Also, the readers mentioned above were lucky to get a reply. The inbox frequently fills up, particularly in summer, and so new emails are rejected. These are not scare tactics. Data protection and privacy prevents me showing actual screencaps of these emails I receive. It is a sad truth, buying from the official website is not reliable.
For these reasons, I strongly recommend buying a ticket from our recognised partners (see the ‘Skip-the-line’ section below). You *can* cancel your purchase up to 24 hours in advance, and get a full refund. How can these vendors get a refund and you can’t? Quite simply, they are taking your reservation, they are buying in bulk and they buy as required on the day. In my opinion, based on the substantial feedback I get from readers, a few Euros extra is worth it.
If you are sure of your dates, however, and you are careful – a step-by-step guide to assist you through the process, taking you from the Greek language landing page to the final page in the process can be found at the end of this page.
Which Acropolis Tickets to Buy
Skip-the-Line Tickets for the Acropolis
Buying genuine Skip-the-Line Tickets for the Acropolis is possible, and can be done quite easily and safely online. For reliability and security, we recommend our partners GetYourGuide and Tiqets.
A skip-the-line ticket + Audio Tour with GetYourGuide is €13 in winter and €23.50 in summer
A skip-the-line ticket with Tiqets is €12.90 in winter and €22.00 in summer
The difference in the prices reflect the conditions of the tickets: the Tiqets includes free cancellation up to 24 hours before with a full refund, with the option to purchase insurance for the last 24 hours. Whereas if you purchase the GetYourGuide ticket theer is no possibility to cancel for a full refund.
These prices, compared to the €10 (winter) €20 (summer) ticket at the gate, which is not skip-the-line, includes a booking fee. And applies only to a single entry ticket to the Acropolis and its North and South Slopes.
Once purchased, confirmation and further instructions are emailed to you immediately.
Please note: Besides being able to avoid standing in a queue, you can also cancel this booking up to 24 hours in advance and get a full refund (with the Tiqets ticket only). So, if you find you have made a mistake with your dates (this happens – I get emails about it) or your plans change, you can get a full refund as long as you cancel at least 24 hours in advance. There is no refund for such errors or changes of plans if you buy your tickets on the official website. You need to decide whether the time saved and peace of mind is worth the booking fee – only you can make that decision.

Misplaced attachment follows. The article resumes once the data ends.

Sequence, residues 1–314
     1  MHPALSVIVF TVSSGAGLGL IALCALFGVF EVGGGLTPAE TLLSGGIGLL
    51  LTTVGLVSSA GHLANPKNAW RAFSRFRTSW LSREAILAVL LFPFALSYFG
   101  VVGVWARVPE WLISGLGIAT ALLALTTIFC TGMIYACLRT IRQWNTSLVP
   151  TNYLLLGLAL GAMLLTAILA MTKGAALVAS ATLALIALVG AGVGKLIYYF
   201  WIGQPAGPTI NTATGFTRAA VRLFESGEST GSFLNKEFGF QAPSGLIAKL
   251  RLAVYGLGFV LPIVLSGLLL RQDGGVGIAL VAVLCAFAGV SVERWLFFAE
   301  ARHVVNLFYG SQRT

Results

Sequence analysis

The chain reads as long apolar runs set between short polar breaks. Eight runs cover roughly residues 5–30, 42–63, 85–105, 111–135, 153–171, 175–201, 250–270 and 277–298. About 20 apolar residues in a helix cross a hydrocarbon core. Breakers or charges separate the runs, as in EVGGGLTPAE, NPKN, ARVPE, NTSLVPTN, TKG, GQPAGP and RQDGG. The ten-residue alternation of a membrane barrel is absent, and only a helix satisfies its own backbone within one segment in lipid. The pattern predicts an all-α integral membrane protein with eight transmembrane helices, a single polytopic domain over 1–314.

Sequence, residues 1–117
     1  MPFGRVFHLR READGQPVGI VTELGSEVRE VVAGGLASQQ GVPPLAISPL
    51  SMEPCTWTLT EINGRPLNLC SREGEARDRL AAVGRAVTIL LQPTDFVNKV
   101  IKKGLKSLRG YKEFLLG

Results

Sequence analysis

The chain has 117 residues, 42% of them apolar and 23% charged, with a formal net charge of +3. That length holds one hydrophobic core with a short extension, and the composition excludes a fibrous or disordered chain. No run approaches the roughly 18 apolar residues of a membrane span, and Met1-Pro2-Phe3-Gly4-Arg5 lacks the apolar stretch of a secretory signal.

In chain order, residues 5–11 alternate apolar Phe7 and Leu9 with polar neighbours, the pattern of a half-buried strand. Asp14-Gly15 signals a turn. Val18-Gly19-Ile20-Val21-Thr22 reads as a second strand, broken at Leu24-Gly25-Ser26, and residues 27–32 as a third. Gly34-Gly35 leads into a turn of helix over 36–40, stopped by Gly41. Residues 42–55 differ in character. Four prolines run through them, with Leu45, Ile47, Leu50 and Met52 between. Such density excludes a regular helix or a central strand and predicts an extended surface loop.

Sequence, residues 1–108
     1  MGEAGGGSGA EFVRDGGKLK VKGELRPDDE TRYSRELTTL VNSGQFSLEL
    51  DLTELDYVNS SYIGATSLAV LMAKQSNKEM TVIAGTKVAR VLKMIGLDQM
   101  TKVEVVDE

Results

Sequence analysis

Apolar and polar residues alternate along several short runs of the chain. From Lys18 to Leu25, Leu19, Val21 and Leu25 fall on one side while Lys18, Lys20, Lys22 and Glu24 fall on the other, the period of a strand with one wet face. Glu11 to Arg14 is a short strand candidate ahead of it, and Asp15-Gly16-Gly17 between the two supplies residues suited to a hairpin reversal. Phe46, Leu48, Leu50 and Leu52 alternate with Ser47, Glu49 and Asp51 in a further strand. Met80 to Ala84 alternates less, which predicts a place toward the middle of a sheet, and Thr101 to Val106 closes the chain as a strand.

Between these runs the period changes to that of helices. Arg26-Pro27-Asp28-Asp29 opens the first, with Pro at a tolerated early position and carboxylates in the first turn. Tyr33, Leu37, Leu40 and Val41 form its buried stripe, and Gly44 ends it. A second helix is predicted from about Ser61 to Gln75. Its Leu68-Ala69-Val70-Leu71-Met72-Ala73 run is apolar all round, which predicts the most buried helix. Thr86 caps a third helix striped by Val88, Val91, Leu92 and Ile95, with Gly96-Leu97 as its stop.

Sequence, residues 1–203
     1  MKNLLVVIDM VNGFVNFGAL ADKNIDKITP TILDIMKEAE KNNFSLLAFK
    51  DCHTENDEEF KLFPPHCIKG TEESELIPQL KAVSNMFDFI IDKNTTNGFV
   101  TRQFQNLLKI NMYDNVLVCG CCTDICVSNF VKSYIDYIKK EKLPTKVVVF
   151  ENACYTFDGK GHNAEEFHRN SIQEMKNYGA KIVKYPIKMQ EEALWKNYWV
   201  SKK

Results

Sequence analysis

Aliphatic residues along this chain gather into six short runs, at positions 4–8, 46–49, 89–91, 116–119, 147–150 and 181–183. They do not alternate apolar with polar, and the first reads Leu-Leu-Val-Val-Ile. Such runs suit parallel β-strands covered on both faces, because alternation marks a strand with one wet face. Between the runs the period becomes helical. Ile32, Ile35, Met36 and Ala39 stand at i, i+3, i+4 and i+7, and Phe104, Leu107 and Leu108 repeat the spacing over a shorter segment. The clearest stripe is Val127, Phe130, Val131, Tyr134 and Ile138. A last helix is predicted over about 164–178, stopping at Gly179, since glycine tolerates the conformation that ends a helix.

Please Note: The Combo ticket is not recommended if you are visiting Athens during the winter months (November to March). It is cheaper to buy the tickets individually. Read on for a full explanation.
If you are also going to be visiting some of the other main archaeology sites in Athens, then I recommend getting yourself a Combination or Special Package Ticket – via Tiqets. Prices can vary if one or other supplier is having a special offer, so do check the difference at the time you book.
Holders of the Combo Ticket get one entry to the Acropolis (which includes the Parthenon, the Erechtheion and all the other monuments on the Acropolis) with its North and South Slopes (Odeon of Herodes Atticus and Theatre of Dionysus), as well as six of the other main archaeological sites in Athens: Hadrian’s Library, the Ancient Agora, the Roman Agora, Archaeological Site of Lykeion, Kerameikos and the Olympieion (see further details below). There are also museums in the Ancient Agora, Hadrian’s Library and the Kerameikos cemetery, and these are included in the entrance ticket for these sites.
The combo ticket is valid for five days.
The cost of the combination ticket is €30 per person, all year round, there is no winter discount.
The combination ticket can be purchased at the ticket offices of the participating archaeological sites, online at either the Greek Ministry of Culture’s website.
Buying the combination ticket via Tiqets is €33 as opposed to €30 at the sites or on the Greek Government’s website. There are a few benefits to the Tiqets ticket that do not come with the standard government ticket, which in my view more than makes up for the €3 booking fee.
First, you can reschedule your Tiqets ticket, whereas this is not possible via the Greek government’s website.
Second, once you have completed the purchase on Tiqets, you will receive your ticket via email – straight to your mobile/smartphone. No queues to pick up a paper ticket are required. When you purchase a ticket on the Greek website you will receive a confirmation of your order via email. You are then required to take the ticket to the ticket office (standing in the queues) and get the actual ticket that you then present to enter the sites.